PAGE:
“At the scene, the commander tells them, ‘rush this, so we don’t lose any evidence,’ and they began to collect evidence that they find as quickly as possible,” he said.

Mitchell went over pieces of the evidence found, noting the 9 mm shell casing found was a common brand.

“But right close there, within a short distance, you’ll see a police marker with a ‘D’ on it,” he said. “And when you get a close-up of that, it’s spit. Saliva.”

Mitchell said after the saliva sample was tested, it was determined the DNA found was not his client’s.

“There’s no dispute about this, it came back as the DNA of Miguel Barraza,” he said. “So they take that, and the description that the detectives obtained that night (and found that it) does not match Steven Guardado.

“Because at the time, he was right around 280 to 300 pounds. He was large — he’s lost a lot of weight since 2013.”

The defense attorney also made a mention to the importance of Coordinated Universal Time.

RPD patrol supervisor Kim Northcutt, who handled the Victor Oaxaca homicide case, was the first to testify.

The sergeant confirmed with the prosecution Vargas was not connected to Oaxaca’s death, which had happened at The Variety Lounge Oct. 23.

“Through my investigation, (it) showed that (Vargas) didn’t play any role in that. Any part of that.”

The defense asked Northcutt whether he had learned the Trujillos were related to the Oaxacas or Vargas from his investigation. The sergeant replied with, no, not to his knowledge.

Northcutt was last asked if he was part of another investigation that had happened two weeks prior to the incident in which Vargas’ house was shot at. He stated he was not.

Miguel Barraza, 33, was the second to testify. He was asked about the time when he visited the Oaxaca residence on Oct. 25, 2013.

Barraza stated he went to the property with his girlfriend Lisa. He remembers seeing family, friends and people he didn’t know inside and outside the area drinking and possibly smoking marijuana.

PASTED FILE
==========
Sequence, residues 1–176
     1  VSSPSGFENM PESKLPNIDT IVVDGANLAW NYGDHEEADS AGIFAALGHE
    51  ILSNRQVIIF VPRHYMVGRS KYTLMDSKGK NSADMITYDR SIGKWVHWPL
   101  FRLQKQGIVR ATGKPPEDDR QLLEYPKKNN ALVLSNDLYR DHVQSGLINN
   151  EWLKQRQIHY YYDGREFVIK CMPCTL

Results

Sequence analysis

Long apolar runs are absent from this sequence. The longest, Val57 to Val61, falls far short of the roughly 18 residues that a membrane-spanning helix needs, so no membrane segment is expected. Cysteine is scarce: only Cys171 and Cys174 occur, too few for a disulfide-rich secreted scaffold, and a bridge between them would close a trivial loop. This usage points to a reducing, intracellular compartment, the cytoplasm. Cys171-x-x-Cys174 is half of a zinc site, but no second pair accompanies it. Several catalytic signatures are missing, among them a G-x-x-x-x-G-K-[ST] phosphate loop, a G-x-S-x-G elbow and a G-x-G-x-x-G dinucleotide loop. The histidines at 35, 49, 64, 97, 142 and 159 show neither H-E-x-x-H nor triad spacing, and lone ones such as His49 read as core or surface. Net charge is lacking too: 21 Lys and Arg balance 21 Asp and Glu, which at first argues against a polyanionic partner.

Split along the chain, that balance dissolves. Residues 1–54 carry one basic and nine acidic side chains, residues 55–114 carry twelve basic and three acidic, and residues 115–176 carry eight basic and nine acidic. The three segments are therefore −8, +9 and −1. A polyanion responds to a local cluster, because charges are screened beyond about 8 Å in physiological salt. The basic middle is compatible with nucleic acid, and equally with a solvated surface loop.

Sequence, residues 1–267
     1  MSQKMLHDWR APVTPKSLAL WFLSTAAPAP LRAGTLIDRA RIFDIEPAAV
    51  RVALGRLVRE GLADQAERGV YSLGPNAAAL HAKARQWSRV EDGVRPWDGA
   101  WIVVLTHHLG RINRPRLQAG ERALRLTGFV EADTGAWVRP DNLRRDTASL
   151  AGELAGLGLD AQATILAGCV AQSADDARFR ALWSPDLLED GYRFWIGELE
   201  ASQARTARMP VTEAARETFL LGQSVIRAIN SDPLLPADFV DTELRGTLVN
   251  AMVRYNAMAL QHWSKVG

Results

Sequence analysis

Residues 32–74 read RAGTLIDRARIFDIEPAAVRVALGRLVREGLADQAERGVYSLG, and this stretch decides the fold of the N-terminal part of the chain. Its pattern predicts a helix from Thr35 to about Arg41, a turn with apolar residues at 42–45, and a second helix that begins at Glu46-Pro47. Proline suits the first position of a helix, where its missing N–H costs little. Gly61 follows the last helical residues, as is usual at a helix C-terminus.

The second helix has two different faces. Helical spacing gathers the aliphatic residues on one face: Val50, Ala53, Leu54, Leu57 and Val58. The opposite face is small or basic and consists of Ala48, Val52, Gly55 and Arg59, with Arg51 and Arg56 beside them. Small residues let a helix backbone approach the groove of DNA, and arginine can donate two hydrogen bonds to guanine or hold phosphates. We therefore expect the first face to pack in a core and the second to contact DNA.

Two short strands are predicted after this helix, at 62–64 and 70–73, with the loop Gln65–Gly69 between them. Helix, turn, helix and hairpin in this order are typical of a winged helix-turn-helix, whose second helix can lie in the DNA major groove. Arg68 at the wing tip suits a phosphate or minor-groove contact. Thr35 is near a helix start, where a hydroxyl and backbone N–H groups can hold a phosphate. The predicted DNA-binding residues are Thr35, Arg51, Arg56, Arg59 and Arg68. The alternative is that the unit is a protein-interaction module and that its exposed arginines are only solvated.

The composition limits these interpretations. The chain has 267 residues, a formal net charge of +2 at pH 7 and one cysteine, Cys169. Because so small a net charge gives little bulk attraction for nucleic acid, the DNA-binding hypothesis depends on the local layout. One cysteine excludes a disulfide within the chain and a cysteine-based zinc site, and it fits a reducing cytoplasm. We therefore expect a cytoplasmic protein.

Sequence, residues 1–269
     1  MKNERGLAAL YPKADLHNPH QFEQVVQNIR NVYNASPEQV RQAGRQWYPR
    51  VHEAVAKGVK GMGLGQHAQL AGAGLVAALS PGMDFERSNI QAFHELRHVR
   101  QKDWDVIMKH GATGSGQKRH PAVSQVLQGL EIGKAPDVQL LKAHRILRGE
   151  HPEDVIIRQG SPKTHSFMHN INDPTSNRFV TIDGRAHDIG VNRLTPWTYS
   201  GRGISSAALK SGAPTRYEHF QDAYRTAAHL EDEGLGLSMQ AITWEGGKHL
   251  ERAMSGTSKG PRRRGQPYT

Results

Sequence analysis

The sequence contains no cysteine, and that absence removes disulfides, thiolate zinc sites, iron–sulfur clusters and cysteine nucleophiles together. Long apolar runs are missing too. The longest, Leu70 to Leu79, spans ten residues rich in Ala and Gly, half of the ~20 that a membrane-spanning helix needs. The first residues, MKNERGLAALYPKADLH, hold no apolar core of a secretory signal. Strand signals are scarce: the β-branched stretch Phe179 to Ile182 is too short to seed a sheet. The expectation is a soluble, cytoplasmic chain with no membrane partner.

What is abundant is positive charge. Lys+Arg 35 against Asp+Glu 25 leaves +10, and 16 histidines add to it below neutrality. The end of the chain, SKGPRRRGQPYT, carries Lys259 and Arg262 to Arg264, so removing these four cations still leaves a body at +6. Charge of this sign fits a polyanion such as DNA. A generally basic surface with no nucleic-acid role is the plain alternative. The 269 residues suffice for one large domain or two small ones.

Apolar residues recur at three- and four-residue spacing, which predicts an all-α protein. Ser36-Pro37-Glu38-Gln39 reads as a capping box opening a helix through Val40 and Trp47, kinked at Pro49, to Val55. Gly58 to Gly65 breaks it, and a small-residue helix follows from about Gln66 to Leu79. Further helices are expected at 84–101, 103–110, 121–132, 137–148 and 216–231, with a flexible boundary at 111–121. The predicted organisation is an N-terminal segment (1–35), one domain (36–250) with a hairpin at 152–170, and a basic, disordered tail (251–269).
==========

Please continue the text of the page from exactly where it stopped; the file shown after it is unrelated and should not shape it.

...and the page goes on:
Barraza told Deputy District Attorney Michael Thomas he remembers seeing the defendant, Guardado, at the Oaxaca residence and identified him in court.

Barraza stated Guardado had eventually left in a black Chrysler but didn’t recall actually talking with him.

Mitchell questioned Barraza’s height, weight, hair and dress at the time of the incident, trying to see if he met the description originally given by the 911 caller. The two did not match.

Throughout his responses, Barraza would often not give eye contact. He stated the saliva could potentially have been from him smoking marijuana, but didn’t recall spitting at the residence. He also said he had never seen Guardado with a gun.

Twenty-four photographs of the crime scene were admitted as evidence.

Barraza stated he left the residence with Lisa. He was unable to remember the vehicle he drove but stated he did not drive a black Chrysler. After news of Vargas getting shot, Barraza said everyone at the party started to leave, and he went to the hospital with Lisa.

Barraza was also asked by the prosecution if he had first-hand knowledge of who killed Stormy Vargas, or if he had killed him. He stated he did not to both questions.

Recess for the trial was called by Romero later Monday afternoon and was set to resume Tuesday morning.

Multimedia-Crime reporter Trevier Gonzalez can be reached at 575-622-7710, ext. 301, or at breakingnews@rdrnews.com.